Change. That scary skeleton that dances its way out of the closet every few years. It’s the skeleton your staff fear the most. Why is everyone so afraid?
Maybe some are afraid of being forced to think beyond what they've been doing for years. Maybe for others it’s not fear. Its the frustration change brings because it messes up their plans or goals.
No matter what the reason is, when you introduce change of any kind, it’s success depends on much more than free pizza and overtime pay. How your brokerage handles the first days, weeks and even months of onboarding change is critical to lasting success, company loyalty and client retention.
Here are three ways to force that scary skeleton of change back into the closet; or at least make it less scary.
1. Mind the gap.
All brokerages have gaps they need to fill. Whether it’s the challenge of hiring qualified staff, or re-training existing staff, it’s important to identify your biggest gaps and try to fill as many as possible before onboarding begins.
When it comes to change, we’ve discovered the most successful brokerages have a consistent and well-thought-out onboarding process that includes:
- Objectives: Does everyone understand why change is taking place and what “the big picture” looks like?
- Roles: Different people at your brokerage will play a role in the onboarding. Make sure they know what they’re doing and why.
- Milestones: Phases or stages, during which activities occur. Onboarding is usually more than a thirty-day effort and in most cases, it will take a year or more until all the changes are completed.
2. Slow down on the learning curve.
Reducing the learning curve runs in conjunction with managing your bottom line. When your staff are taken away from their daily tasks, it puts servicing existing clients and looking for new ones at risk—we get it.
However, the risk is even greater when an onboarding project is rushed. Staff become overwhelmed or disengaged and may abandon the project altogether. That’s a colossal waste of everyone’s time and a big impact on your bottom line.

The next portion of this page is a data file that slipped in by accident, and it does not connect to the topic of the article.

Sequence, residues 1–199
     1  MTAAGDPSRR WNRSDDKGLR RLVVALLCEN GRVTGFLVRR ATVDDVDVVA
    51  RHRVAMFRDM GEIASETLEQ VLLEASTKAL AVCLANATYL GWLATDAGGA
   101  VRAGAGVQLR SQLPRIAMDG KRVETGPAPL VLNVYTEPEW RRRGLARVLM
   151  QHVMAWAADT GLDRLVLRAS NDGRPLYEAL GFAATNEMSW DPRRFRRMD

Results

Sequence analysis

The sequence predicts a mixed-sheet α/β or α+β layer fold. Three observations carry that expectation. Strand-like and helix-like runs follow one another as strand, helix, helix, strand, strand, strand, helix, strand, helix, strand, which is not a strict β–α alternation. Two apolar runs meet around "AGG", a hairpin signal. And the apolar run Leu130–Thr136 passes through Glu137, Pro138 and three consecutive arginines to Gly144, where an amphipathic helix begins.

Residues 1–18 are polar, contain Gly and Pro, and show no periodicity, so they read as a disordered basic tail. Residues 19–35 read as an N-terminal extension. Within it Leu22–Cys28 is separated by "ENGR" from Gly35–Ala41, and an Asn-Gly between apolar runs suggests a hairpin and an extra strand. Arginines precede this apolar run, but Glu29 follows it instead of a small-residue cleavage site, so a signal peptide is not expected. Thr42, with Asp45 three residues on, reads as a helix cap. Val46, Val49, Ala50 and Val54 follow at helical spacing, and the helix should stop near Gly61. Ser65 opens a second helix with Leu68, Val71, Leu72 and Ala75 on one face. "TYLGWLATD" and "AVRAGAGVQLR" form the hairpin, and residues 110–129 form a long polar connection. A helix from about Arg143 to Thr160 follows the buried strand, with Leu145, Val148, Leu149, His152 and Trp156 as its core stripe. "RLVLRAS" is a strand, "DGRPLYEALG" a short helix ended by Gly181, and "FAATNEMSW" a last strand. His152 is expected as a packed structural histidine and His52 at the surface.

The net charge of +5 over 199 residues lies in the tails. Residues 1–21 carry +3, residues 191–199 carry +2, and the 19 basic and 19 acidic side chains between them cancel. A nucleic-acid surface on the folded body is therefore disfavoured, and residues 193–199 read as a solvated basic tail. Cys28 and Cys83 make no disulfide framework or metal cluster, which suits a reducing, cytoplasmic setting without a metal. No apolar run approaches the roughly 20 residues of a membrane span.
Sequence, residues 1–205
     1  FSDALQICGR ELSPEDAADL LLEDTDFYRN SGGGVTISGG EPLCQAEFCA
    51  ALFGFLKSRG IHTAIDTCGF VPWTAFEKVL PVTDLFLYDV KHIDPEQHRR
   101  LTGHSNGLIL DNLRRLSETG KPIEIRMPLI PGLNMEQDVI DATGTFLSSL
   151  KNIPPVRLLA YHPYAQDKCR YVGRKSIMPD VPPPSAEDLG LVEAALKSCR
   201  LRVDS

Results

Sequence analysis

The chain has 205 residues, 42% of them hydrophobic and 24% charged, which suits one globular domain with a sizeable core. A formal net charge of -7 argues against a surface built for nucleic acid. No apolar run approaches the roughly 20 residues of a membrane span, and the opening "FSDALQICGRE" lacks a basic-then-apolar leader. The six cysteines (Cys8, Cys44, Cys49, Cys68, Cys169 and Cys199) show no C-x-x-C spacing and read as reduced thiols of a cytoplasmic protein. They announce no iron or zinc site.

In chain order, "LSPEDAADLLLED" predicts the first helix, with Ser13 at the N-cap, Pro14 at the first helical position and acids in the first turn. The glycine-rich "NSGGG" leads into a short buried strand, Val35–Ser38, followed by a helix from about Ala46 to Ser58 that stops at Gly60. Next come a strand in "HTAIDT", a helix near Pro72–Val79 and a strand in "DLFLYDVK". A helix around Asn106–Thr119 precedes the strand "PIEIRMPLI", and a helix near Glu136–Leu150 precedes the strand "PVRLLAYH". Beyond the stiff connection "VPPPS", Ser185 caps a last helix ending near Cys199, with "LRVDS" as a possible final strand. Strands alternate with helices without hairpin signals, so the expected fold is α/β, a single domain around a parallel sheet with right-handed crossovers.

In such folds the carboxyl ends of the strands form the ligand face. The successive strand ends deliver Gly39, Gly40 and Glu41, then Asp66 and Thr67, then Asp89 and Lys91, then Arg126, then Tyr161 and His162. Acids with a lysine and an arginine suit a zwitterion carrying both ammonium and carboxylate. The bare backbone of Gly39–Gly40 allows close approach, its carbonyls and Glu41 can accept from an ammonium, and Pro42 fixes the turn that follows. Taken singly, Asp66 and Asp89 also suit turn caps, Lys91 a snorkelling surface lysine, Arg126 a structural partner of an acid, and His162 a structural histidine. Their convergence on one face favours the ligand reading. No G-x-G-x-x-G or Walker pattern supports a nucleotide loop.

That is why it’s crucial to formulate an onboarding process that helps reduce the learning curve and keeps everyone happy. That could mean extending the dates beyond your anticipated onboarding period. For example, if you’ve projected six months, extend it to eight months, especially if you have new staff involved.
New staff have a learning curve that is steeper than existing staff. They need to learn your corporate culture, manage expectations, understand your hierarchy and build relationships so cut them some slack.
If the change is significant, like onboarding new software, give everyone ample time to figure it out and provide lots of encouragement along the way.
3. Invest in training.
Depending on what type of change is taking place, your best defense when it comes to making the process less scary is to invest in training. Think of it like sending a soldier into battle with the best gun ever made, but they have no idea how to load the ammunition.
If training is not part of your onboarding budget, add it immediately! Being frugal on training is the number-one reason why an onboarding project fails because:
- Everyone does their own thing. In commercial lines, doing your own thing can lead to E&Os. In addition, if someone leaves or goes on vacation, it’s difficult for staff to seamlessly pick up a task and run with it.
- Staff forgot what they learned. Timing is everything and adults learn at a different pace so avoid the added expense of buying training too soon because everyone forgot or too late because frustration has already set in.
Finally, make training mandatory—no exceptions. Taking the time to be trained properly from day-one keeps everyone focused and working towards the same goal.
How to achieve efficient onboarding
To make sure your onboarding processes go smoothly, examine your existing processes and workflows to see where changes must be made. Document each step and determine who is responsible for that step and follow-up regularly to see if they’re staying the course.
Onboarding is tricky, but with a little pre-planning, it doesn’t have to be scary. If you’d like to learn how Policy Works helps commercial insurance brokers formulate their software onboarding processes, contact us for a demo.